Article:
Kayla Shiao/WRBB Sports

BOSTON — It was almost too perfect.

In their final game at Matthews Arena, Northeastern’s graduate student top line of Chloé Aurard, Alina Müller, and Marueen Murphy led their team to a sixth-straight Hockey East championship. Murphy finished with three assists and Müller and Aurard notched a goal and an assist apiece, as the Huskies knocked off Providence 4-1. 

The Friars were one of the only teams to give Northeastern trouble in the regular season, handing them one of their two losses and their lone tie this year. Northeastern’s most recent loss was on Nov. 15, when the Friars defeated them 3-0. 

This time, the Huskies dominated the pace of play, and put together one of their strongest 60 minute performances when they needed it the most. 

The Friars struck first in the opening frame on a deflection from the stick of graduate student forward Noemi Neubauerova. The play was created off a missile from the blue line by senior defender Lauren DeBlois, but that was the only time Providence would score. 

After giving up the opening goal, the Huskies locked down the neutral zone and forced Providence to the perimeter, limiting high quality shot attempts to a tee. 

Northeastern’s equalizer came eight minutes later when Müller, waiting on the doorstep, backhanded a rebound shot past sophomore netminder Hope Walinski. Walinski had been the hottest goaltender in the tournament up to that point, with a 100-minute shutout streak intact entering the matchup.

“We usually want to answer right away with a goal if we get scored on and we were able to do that again,” Müller said. “That’s really important and that says how good of a team we are.”

Müller, fresh off of breaking the Northeastern program scoring record in the semifinal matchup against BC, was named the tournament MVP, totaling five goals and three assists in three games.

The Friars had a few high-danger shots at the end of the first period, but Northeastern’s netminder Gwyneth Philips saved every one of them. Philips finished the game making 20-of-21 saves, and totaled a .962 save percentage overall in the tournament. 

“[Philips] came up with some big saves when the game was tight,” said Northeastern head coach Dave Flint.”That’s what you need to win championships, timely saves and consistency. … just really proud of the season she’s put in and the team feels really good with her in net.”

Senior defender Megan Carter broke the deadlock 13 minutes into the second period with a seeing-eye shot from distance. The goal came 15 seconds after Northeastern went scoreless on their first power play opportunity, but they held the zone and kept sustained offensive pressure when 5-on-5 play began.

With 24 seconds left in the second period, Providence graduate student forward Caroline Peterson sent to the box for a slashing call following a chaotic stretch of play in Philips’ crease. It was a surprising penalty call given the fact that the officials had been letting both teams off the hook for other more obvious plays throughout the entire game.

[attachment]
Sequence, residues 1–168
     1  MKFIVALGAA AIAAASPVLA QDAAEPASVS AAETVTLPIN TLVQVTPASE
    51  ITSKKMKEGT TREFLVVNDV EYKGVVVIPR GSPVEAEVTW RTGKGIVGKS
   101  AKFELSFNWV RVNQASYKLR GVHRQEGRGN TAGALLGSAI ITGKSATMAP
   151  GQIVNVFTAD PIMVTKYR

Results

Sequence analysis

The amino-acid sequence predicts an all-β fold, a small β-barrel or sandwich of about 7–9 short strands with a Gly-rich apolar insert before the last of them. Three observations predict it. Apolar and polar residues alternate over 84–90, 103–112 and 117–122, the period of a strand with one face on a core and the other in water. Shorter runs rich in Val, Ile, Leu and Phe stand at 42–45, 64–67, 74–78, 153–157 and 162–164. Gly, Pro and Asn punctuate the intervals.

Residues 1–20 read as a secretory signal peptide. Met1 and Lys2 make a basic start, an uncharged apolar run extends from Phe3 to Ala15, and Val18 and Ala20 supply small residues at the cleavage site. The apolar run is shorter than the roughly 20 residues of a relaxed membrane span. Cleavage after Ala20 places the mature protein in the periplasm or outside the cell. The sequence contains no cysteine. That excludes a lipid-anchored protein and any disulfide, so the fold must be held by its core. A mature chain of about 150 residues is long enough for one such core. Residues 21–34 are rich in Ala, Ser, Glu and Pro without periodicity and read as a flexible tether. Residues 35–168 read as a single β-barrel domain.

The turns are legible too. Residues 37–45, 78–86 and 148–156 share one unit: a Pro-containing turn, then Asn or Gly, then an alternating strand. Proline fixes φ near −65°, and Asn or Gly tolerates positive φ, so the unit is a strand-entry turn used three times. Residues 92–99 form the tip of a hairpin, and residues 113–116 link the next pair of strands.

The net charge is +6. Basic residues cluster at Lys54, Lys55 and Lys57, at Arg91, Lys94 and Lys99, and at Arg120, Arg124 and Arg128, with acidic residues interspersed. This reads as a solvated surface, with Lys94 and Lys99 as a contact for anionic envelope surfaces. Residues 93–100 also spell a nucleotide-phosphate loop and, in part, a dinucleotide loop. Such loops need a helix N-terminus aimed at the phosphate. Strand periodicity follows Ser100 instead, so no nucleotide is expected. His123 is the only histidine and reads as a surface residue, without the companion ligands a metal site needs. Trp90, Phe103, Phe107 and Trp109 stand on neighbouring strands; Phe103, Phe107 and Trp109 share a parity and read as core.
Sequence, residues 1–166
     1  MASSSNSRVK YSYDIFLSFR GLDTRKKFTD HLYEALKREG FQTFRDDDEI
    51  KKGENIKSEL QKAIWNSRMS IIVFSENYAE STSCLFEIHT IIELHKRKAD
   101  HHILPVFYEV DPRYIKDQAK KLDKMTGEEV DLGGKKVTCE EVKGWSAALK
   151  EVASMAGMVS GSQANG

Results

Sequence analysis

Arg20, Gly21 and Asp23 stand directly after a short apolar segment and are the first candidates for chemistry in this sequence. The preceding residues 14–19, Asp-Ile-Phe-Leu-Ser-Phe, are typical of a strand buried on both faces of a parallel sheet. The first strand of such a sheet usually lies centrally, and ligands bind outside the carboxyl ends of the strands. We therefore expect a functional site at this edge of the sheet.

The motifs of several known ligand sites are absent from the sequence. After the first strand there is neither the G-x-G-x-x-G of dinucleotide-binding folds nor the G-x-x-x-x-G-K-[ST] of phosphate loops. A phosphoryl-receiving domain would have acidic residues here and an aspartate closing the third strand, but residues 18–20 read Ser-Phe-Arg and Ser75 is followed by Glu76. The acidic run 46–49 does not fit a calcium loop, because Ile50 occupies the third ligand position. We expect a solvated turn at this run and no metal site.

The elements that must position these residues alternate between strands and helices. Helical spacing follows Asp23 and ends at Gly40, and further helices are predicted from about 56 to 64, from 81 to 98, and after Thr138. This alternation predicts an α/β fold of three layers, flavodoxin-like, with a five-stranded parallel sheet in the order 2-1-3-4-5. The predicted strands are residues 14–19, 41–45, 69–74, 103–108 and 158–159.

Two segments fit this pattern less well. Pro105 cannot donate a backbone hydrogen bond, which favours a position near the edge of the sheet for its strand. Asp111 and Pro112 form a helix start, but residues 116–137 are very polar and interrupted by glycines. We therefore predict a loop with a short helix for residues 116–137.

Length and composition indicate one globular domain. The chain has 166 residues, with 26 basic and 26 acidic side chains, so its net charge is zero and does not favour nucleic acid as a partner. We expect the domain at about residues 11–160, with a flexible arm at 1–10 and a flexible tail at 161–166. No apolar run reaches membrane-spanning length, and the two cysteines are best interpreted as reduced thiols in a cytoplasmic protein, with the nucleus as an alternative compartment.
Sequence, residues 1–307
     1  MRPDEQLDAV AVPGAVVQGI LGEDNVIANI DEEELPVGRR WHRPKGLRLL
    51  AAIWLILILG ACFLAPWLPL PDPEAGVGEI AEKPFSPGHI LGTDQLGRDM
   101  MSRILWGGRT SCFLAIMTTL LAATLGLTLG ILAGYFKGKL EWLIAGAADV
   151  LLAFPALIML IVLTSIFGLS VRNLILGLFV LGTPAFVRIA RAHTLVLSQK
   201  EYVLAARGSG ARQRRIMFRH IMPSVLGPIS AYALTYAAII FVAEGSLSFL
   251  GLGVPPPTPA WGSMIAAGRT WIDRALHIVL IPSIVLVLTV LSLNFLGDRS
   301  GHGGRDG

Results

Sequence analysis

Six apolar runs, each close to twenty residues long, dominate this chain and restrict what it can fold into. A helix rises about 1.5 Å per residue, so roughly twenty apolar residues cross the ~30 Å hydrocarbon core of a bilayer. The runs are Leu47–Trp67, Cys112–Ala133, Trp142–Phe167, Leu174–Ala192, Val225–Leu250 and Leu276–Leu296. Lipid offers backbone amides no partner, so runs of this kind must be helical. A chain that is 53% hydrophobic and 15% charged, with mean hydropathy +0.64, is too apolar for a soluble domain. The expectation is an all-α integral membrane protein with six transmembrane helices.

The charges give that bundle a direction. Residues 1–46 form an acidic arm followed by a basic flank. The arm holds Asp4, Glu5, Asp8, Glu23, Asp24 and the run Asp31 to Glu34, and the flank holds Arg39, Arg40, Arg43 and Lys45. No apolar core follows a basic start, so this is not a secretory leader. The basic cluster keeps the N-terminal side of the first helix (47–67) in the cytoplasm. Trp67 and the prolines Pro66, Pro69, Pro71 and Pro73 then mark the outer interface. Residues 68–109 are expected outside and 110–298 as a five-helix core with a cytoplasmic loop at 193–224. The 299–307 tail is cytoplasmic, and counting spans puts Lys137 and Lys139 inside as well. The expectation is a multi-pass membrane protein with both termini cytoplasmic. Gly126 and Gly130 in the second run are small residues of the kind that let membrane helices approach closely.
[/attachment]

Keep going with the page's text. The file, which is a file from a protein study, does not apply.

Just under a minute into the third, with Northeastern still on the power play, Aurard poked in the rebound of a Murphy shot for a power play goal to make the score 3-1. Northeastern has now scored multiple power play goals in four of their past five games, and is 9-25 since Feb. 14.

“We are all set up to adapt to any situation, and that’s huge on the power play,” Aurard said. “Any player on the top unit is able to score and shoot the puck so I think that’s pretty huge.”

Holding a 3-1 lead with 19 minutes to go in the final period, Northeastern just needed to keep the puck away from the high-scoring forwards of the Friars. While Providence did have a few decent opportunities in the third, they were only able to muster nine shots on goal. 

Sophomore forward and Harvard transfer Taze Thompson tacked on an insurance goal on the power play for the Huskies with 2:38 to go in the third, and from there the clock ticked down toward the championship win.

When the final buzzer sounded, Northeastern players ripped their gloves off, threw their sticks in the air, and mobbed Philips in the blue paint. Named to the all-tournament team for Northeastern were Murphy, Philips, Carter, and senior forward Peyton Anderson, who scored twice in the semifinal matchup against BC. Junior defender Brooke Becker was the lone Friar skater named to the all-tournament team as well.

“I’m extremely proud of this group because there was a lot of talk about us losing ten veteran players, we’re losing Aerin [Frankel]… we showed everybody and we proved everybody wrong,” Müller said. “We believe in family and culture and that’s what brings us championships.”

Northeastern has made an appearance in the last seven Hockey East Tournament title games and have now won six in a row, an unprecedented feat in the history of the conference. As they skate toward their final games in a Northeastern uniform, Müller and Aurard have built and maintained a dynasty that may never be seen again in the NCAA.

“It’s hard to win one championship… they’ve won five,” said Flint. “It’s something they can look back on and be proud of… I know I will.”

Northeastern’s next challenge is the NCAA Tournament, with a berth in the Frozen Four and a national title up for grabs. Their opponent will be decided Sunday during the selection show, and WRBB will have live coverage wherever the team is heading next weekend.